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-   -   Increasing instability for flow around as cylinder. (http://www.cfd-online.com/Forums/main/112592-increasing-instability-flow-around-cylinder.html)

jgrimshaw January 31, 2013 10:31

Increasing instability for flow around as cylinder.
 
I am currently attempting to model flow around a stationary cylinder at a Re=200,000 using Fluent 14. However, after running my simulation it appears my solution is too steady as no vortex shedding occurs.
I am currently using the URANS solver coupled with the K-e turbulance model and have tried running the simulation.
I originally used a 1st order upwind scheme and left the Pressure - Velocity coupling as SIMPLE. I then changed this to a 2nd order upwind scheme and used the PISO to do the pressure - velocity coupling.
I have found my wall y+ value and applied the appropriate wall function to my simulation but in doing so i coarsened my mesh.

Does anybody have any suggestions on how to create instability in the flow and hence produce vortex shedding?

RodriguezFatz January 31, 2013 10:51

How long have you been waiting? My experience is that you have to wait quite a long time until von Karman shows up...
Is your timestep small enough?

jgrimshaw January 31, 2013 11:18

My time step was originally 0.1s but I then changed this to 0.05s.

RodriguezFatz January 31, 2013 11:24

What is the radius of your cylinder and the velocity of your fluid?

FMDenaro January 31, 2013 11:25

what about your grid resolution? have you used second order accuracy in time?
check also the value in time of the vertcal component in some points at the rear of the cylinder, along the longitudinal direction, and see if it is really steady for several non-dimensional time unit.

jgrimshaw January 31, 2013 11:45

My radius is 0.5m and my flow velocity is 2.364 m/s.

RodriguezFatz January 31, 2013 12:39

Quote:

Originally Posted by jgrimshaw (Post 405330)
My radius is 0.5m and my flow velocity is 2.364 m/s.

Ok, that sounds ok for the time step. Now, could you post a picture of your mesh?

How many timesteps have you been waiting before you stopped?

jgrimshaw February 11, 2013 09:28

Sorry for the slow reply I have been out of the office for a while. I am currently running 600 time steps.

The mesh i am using is posted below, along the axis it has 96 elements with a bias factor of 10. The average element size was 0.328125m which gives a CFL=0.3602.

jgrimshaw February 11, 2013 09:32

Quote:

Originally Posted by FMDenaro (Post 405327)
what about your grid resolution? have you used second order accuracy in time?
check also the value in time of the vertcal component in some points at the rear of the cylinder, along the longitudinal direction, and see if it is really steady for several non-dimensional time unit.

The time step accuracy is second order, I have been assuming it is steady as on my Cl vs time plot (otherwise known as convergence history) I have an oscillating graph which quickly dampens wafter 20% of the time has been ran.

jgrimshaw February 11, 2013 09:33

Is there any good fluent literature or troubleshooting websites that either of you could recommend.

RodriguezFatz February 11, 2013 09:38

Quote:

Originally Posted by jgrimshaw (Post 407129)
The mesh i am using is posted below

I dont find it...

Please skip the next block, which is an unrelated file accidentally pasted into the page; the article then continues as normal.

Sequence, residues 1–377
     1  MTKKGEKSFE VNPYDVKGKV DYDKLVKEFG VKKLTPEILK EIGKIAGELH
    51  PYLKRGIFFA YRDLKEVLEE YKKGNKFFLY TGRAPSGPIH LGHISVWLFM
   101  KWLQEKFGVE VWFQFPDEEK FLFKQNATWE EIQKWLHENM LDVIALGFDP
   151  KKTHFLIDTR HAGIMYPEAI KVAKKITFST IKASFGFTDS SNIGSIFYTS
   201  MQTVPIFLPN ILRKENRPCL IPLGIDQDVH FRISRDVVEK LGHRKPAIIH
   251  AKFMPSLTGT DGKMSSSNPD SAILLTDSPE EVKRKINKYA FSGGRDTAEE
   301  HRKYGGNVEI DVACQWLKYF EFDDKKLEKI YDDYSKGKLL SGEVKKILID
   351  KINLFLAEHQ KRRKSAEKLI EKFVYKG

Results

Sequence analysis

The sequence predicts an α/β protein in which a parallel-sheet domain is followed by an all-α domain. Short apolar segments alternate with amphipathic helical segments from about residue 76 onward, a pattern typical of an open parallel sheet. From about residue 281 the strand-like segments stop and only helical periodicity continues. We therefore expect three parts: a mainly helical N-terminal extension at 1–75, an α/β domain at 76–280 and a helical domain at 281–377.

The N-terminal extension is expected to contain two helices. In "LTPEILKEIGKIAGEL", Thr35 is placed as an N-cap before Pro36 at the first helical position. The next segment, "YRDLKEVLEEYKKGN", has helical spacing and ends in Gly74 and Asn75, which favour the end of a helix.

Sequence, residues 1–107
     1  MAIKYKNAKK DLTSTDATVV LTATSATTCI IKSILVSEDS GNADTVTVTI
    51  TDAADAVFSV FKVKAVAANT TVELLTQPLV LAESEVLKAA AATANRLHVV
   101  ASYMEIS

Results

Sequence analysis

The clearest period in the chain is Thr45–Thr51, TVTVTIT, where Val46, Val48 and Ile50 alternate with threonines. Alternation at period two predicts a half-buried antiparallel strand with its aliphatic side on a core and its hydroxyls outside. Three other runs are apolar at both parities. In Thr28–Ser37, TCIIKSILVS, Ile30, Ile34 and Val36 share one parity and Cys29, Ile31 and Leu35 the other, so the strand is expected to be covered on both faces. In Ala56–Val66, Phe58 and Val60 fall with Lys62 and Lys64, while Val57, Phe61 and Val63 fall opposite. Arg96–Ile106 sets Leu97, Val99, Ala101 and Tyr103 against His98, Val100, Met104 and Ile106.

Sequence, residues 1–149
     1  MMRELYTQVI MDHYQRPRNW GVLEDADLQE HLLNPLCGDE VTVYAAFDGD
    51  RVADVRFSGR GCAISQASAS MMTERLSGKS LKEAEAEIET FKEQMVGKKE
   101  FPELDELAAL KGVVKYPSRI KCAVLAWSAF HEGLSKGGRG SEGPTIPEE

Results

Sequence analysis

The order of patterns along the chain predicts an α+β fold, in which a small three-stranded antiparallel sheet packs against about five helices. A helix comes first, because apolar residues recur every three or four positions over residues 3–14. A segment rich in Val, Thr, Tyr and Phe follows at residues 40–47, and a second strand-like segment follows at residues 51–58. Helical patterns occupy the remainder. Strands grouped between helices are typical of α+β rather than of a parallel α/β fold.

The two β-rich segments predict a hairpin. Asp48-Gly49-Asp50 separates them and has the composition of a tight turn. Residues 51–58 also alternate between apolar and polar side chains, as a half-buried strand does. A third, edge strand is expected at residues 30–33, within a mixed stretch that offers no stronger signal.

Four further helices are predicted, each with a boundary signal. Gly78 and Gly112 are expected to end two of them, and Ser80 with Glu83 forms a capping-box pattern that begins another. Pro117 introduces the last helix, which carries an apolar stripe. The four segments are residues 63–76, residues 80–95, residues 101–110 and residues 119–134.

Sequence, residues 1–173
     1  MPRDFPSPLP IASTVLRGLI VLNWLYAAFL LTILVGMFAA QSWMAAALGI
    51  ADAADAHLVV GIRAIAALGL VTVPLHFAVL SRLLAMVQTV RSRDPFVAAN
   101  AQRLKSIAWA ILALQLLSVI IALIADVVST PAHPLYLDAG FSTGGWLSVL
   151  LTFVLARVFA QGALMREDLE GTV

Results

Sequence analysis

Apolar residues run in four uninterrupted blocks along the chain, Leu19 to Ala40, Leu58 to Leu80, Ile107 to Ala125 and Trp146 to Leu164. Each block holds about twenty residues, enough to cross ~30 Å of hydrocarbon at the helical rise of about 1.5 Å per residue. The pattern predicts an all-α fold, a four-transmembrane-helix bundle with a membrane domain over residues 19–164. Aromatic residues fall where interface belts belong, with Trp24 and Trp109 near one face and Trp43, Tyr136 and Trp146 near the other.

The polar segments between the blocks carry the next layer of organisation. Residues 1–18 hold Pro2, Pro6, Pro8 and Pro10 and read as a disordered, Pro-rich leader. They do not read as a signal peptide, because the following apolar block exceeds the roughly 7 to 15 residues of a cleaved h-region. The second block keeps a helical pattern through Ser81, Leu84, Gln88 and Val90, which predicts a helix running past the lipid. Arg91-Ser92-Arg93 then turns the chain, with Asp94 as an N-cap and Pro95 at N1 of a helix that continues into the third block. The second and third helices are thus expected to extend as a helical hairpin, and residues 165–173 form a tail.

jgrimshaw February 11, 2013 09:44

1 Attachment(s)
Sorry it is in the attachment of this post

RodriguezFatz February 11, 2013 09:49

What is your y+ currently?

jgrimshaw February 11, 2013 10:54

1 Attachment(s)
I do not have a exact value for the y+ around the cylinder, but the values range between 50 - 850. I have attached the plot below.

RodriguezFatz February 11, 2013 10:59

That means you are using wall functions. Maybe these wall functions restrain eddy shedding? Did you try to resolve the sheath (y+<=1)?

BTW: I don't think you need a turbulent inlet flow to get a von Kármán street. As I understand it, it is an instability that has in the first instance nothing to do with turbulence.

RodriguezFatz February 11, 2013 11:48

Are you using air? I quickly rebuild your case and I am getting a nice vortex street right from the start... Maybe you should post your settings...

Martin Hegedus February 11, 2013 16:33

You can try giving it just a little kick of angle of attack so the problem is not completely symmetric.

That being said, the instability should develop on it's own even if things were "symmetric" but it will take a while. The time to instability is dependent on how accurate the numerical method is. If it was "perfectly" accurate, the problem will theoretically remain symmetric. In other words, it is statically stable but dynamically unstable. However, I'm not sure what your turbulence model will do. It may dampen out the dynamic instability. This is a reason DES is used.

Martin Hegedus February 11, 2013 16:40

Oh, one thing to watch is lift. If it starts to oscillate from machine zero you're on your way. But, it sounds like this was zero for you? And, just to be clear, you do have two big vortices (symmetric about x axis) behind your cylinder?

arjun February 11, 2013 16:54

i had this issue for long time with lattice boltzmann, every time i tried i got exactly like this. No vortex shedding, untill i put the outer boundaries far away.

RodriguezFatz February 12, 2013 03:08

Quote:

Originally Posted by arjun (Post 407234)
i had this issue for long time with lattice boltzmann, every time i tried i got exactly like this. No vortex shedding, untill i put the outer boundaries far away.

But do you think his domain looks like it is too small compared to the radius?


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